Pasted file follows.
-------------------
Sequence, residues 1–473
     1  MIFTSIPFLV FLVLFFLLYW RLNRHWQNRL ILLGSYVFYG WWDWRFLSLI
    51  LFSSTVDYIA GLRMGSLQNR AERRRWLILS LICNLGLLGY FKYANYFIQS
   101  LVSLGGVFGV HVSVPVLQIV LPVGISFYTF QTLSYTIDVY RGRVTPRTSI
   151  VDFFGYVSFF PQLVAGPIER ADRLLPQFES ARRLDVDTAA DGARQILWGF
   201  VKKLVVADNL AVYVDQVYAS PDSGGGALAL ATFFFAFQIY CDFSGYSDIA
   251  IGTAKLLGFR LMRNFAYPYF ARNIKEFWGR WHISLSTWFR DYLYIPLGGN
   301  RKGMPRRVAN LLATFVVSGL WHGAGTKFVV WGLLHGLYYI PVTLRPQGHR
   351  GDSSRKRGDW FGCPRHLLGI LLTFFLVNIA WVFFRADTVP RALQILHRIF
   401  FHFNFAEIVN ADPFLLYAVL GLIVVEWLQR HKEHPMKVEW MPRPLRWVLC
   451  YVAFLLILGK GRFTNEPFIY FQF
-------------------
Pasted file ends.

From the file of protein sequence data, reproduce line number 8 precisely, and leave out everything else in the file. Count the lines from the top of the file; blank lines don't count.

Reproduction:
   301  RKGMPRRVAN LLATFVVSGL WHGAGTKFVV WGLLHGLYYI PVTLRPQGHR